Loe Kann (case 7), the common-law wife of Ernest Jones, began her analysis with Freud in June 1912. An account of her analysis emerges from the Freud-Jones correspondence (2). Loe was of Jewish ancestry and was born Louise Dorothea Kann in the Netherlands, but her precise age is not clear. (Jones himself was 33 at this time.) She had been suffering from abdominal pain and associated addiction to morphine (then legally available) and depression. She had moved from London to Toronto with Jones in 1908, and she became more and more isolated and unhappy there.

At the psychoanalytic congress in Weimar in September 1911, in her absence Jones requested that Freud take her into analysis. Freud agreed. Later he linked his willingness to his "deep personal interest" in Jones, as one of the "men who give me so much assistance and friendship." In analysis, Freud found Loe very appealing. He wrote to Ferenczi that she was "extremely intelligent," "a jewel," and finally, "Loe has become extraordinarily dear to me, and I have produced with her a very warm feeling" (3). By December 1912 he had brought Loe to meet his family in their apartment (3). Loe and Anna Freud began a long friendship at this time (47).

An interesting feature of this analysis was Freud's participation in Loe's medical treatment. Jones believed that a diagnosis of pyelonephritis had been established previously in London, and Loe concurred that her abdominal pains were basically organic. Freud favored a diagnosis of hysteria even after medical consultation in Vienna yielded a contrary opinion. He had heated disagreements with Loe about this issue, to the point that in the fifth month of the analysis she felt "forced, bullied, and teased" by Freud. He conducted a urinalysis and arranged radiological and, finally, surgical evaluation, which confirmed Jones's, and Loe's, view.

Throughout this analysis, Freud provided Jones with details of Loe's progress and, especially, her feelings about Jones. Jones and Freud had hoped that her sexual responsiveness would improve as a result of the analysis. In January 1913, Freud advised both Loe and Jones to refrain from sexual relations. Shortly thereafter Loe discovered that Jones had been unfaithful, and she ended their long affair. Despite this change, Freud continued to keep Jones informed of Loe's feelings toward him, her dating activity, and Jones's chances for a reconciliation. Freud predicted a reconciliation, but it never occurred.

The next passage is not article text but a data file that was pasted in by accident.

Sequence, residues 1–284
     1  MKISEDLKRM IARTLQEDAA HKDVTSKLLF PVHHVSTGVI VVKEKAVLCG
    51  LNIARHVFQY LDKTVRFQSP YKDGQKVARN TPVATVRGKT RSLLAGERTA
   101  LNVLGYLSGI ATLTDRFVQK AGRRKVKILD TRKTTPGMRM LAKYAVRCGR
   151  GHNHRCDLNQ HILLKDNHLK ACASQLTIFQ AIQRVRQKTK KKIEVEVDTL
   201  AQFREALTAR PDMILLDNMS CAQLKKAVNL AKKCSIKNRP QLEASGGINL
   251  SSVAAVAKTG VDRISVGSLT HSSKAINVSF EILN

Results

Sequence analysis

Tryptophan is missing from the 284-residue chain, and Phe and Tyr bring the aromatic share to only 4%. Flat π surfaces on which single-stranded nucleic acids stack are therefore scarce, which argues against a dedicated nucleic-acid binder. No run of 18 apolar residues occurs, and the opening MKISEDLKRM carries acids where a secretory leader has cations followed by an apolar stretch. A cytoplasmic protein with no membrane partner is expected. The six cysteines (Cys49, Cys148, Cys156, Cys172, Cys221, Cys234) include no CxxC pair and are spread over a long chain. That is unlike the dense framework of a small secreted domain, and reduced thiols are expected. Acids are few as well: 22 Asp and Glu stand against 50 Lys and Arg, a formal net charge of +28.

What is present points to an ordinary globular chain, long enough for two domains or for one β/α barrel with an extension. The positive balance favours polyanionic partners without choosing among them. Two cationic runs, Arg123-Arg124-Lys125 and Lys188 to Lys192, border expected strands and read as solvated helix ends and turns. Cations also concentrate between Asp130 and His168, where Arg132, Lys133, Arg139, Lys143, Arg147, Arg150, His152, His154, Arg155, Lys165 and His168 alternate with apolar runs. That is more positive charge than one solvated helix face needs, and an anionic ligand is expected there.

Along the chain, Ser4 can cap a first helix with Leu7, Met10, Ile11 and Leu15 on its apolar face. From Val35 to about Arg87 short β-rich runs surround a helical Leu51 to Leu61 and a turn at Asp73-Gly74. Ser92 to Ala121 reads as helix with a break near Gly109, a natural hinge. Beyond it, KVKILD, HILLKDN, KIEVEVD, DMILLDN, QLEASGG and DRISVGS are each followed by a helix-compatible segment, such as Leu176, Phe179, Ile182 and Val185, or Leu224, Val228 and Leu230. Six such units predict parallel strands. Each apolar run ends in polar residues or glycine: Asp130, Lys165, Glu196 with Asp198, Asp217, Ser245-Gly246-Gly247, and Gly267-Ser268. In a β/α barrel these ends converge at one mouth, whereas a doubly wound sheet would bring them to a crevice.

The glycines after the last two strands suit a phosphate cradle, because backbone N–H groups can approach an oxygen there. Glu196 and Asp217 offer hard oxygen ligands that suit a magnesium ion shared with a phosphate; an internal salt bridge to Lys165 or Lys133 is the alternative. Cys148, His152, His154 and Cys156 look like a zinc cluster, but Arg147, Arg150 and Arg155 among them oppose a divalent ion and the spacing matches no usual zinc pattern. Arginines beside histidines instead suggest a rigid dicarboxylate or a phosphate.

In June 1914, Loe married a young American man in Budapest; Freud, Rank, and Ferenczi were present as official witnesses. She terminated her analysis shortly thereafter. She had been able to reduce, but not eliminate, her use of morphine.

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Anna Freud

Anna Freud (case 11), Freud's youngest child, entered analysis with him in 1918 at the age of 23. Little is known about this analysis except what Young-Bruehl (47) drew from Anna's correspondence and a few other sources. Until an interruption in 1922, Anna had 6 hours each week at 10:00 p.m. Another period of analysis began in 1924. Although other sources describe a complete cessation of the analysis after 1925, it is clear from her letters to Eva Rosenfeld that Anna was still in analysis with her father as of September 1929 (48). In his September 1927 letter to Joan Riviere, Freud used the present tense in describing himself as Anna's "control analyst" (41, p. 267). Until 1970 the identity of Anna's analyst was not generally known. When, as an adult, Peter Heller, a former analysand of Anna and a son-in-law of Dorothy Burlingham (another analysand of Sigmund Freud), asked Anna in Dorothy's presence who her analyst was, she exchanged knowing glances with Dorothy but remained silent (P. Heller, personal communication, April 6, 1991).